Most of those water bottles get turned into fibers. So, the largest bottle recycler in North America is Mohawk Carpets down in Dalton, Georgia, where they’re buying bottles up and down the Northeast United States and Canada, and in Dalton, Georgia turning those water bottles into carpet fiber. And so, they’re blending in their carpets about a 25% recycled content in carpets. So, besides the water bottle, nothing else can really be efficiently recycled because there’s limitations to mechanical recycling. And that’s where chemical recycling steps in. What loop does is depolymerization. So, we don’t care if there’s colors, contamination, other plastics, you know, rocks, glass, ketchup, mayonnaise, anything that’s in there. Our technology only specifically breaks down to PET and polyester and everything else gets filtered out of the process. So, we can really solve a problem where we can now increase the amount of materials that can be recycled and everything we produce is virgin quality, food grade plastic that can go into water bottles of the highest purity.
I don’t know if you guys saw recently, we launched a first commercial production with Evian, the French a water bottle company who for me is, you know, the global standard for water that, you know, the best in the world, purity wise. And it’s all bottled in one place in the French alps and, you know, distributed around the world. And so, we launched a product with them. So, it’s going to be the first time that there’s ever going to be a hundred percent recycled content, a water bottle produced by chemical recycling sold commercially on the market. That’s the first time ever. And it’s coming through our facility here in Montreal, Quebec. So that’s the premise. What we give to the brand owners is the highest quality plastic coming from a recycled source. So, what’s really driving the market. To get back to your question, what’s driving the market is more and more governments now are taking the onus of recycling instead of having the taxpayers pay for it.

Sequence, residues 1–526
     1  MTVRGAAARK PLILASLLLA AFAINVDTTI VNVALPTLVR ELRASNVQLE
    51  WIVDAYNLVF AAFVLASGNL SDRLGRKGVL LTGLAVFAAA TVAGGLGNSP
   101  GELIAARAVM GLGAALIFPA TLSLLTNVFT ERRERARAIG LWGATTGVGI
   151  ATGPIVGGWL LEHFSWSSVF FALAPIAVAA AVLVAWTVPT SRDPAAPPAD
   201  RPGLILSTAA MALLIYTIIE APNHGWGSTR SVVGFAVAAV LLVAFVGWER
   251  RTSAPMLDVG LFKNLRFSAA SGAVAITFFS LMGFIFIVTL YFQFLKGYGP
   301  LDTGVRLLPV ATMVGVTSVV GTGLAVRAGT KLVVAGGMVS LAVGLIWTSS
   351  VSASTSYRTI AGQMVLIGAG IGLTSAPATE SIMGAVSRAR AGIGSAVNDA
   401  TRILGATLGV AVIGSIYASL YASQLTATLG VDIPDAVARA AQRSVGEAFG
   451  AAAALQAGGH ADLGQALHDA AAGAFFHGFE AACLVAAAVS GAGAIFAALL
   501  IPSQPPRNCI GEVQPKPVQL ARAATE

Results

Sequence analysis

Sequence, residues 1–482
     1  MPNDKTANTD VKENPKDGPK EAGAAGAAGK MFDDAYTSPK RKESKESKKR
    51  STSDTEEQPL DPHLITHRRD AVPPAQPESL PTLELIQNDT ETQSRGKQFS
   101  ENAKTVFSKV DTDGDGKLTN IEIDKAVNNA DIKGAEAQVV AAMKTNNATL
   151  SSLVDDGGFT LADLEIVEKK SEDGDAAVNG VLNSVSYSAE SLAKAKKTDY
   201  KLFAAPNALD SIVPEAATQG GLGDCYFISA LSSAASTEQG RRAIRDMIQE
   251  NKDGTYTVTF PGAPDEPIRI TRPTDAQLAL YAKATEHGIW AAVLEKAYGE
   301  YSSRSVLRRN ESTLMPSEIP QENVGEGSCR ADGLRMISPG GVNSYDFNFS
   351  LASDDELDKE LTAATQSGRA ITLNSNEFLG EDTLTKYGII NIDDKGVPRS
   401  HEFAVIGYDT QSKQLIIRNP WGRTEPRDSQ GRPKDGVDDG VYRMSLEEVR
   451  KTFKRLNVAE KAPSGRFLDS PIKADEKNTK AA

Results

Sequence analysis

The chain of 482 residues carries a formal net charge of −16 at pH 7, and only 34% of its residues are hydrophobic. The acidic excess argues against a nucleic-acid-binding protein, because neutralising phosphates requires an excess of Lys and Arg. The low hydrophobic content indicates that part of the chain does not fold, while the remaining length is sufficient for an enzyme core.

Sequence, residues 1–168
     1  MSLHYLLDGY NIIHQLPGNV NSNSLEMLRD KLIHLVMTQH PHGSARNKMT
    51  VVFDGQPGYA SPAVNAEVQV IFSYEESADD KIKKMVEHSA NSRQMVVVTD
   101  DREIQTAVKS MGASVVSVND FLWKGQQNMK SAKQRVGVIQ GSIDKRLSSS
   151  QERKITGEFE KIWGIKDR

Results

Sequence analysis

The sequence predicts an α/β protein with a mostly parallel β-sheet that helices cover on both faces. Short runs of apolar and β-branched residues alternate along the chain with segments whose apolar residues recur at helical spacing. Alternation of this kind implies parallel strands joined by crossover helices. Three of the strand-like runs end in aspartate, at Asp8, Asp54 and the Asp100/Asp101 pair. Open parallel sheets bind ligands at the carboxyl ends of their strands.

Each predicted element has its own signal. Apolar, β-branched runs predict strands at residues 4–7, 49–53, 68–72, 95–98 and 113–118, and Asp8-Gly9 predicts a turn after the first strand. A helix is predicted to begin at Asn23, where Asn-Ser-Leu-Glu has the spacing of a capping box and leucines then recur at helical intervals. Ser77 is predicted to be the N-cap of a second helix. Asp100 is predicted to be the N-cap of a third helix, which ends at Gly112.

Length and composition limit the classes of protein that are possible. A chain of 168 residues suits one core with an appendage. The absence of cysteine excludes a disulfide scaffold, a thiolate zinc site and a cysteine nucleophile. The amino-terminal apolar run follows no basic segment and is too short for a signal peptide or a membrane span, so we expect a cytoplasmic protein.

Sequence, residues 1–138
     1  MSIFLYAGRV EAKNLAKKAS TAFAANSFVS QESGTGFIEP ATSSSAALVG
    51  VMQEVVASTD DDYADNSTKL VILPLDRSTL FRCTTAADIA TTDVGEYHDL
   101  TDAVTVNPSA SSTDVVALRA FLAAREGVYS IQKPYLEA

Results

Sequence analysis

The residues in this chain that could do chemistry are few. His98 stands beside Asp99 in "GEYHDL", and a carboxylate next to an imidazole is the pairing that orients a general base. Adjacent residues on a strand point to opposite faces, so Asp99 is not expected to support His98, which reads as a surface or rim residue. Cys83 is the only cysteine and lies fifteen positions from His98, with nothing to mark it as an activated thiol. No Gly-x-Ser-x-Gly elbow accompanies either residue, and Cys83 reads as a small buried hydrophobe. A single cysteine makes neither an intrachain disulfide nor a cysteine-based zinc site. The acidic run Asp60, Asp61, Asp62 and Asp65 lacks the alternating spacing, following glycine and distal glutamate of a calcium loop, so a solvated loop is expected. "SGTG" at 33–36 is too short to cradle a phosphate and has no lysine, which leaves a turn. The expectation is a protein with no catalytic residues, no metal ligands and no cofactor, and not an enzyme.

Because today, part of our taxes is for, you know, those blue bins and the trucks to come and pick up our blue bins, the sort sortation sector. Right now, taxpayers are paying for it. And the municipalities are fed up with the taxpayer paying for it. They want to put the onus on the brand owners, the companies that are making money, selling us those products. Those are the ones that are becoming responsible for what happens to the package at the end of its life. So, in Europe, there’s tons of regulation going on about, you know, governments putting in regulation where you have to have a minimum percentage of recycled content in your packaging. Canada came out by 2030, you have to have 50% recycled content in your package by 2030. So, every water bottle, soda bottle, ketchup, mayonnaise, everything that’s made. The packaging has to be 50% recycled content.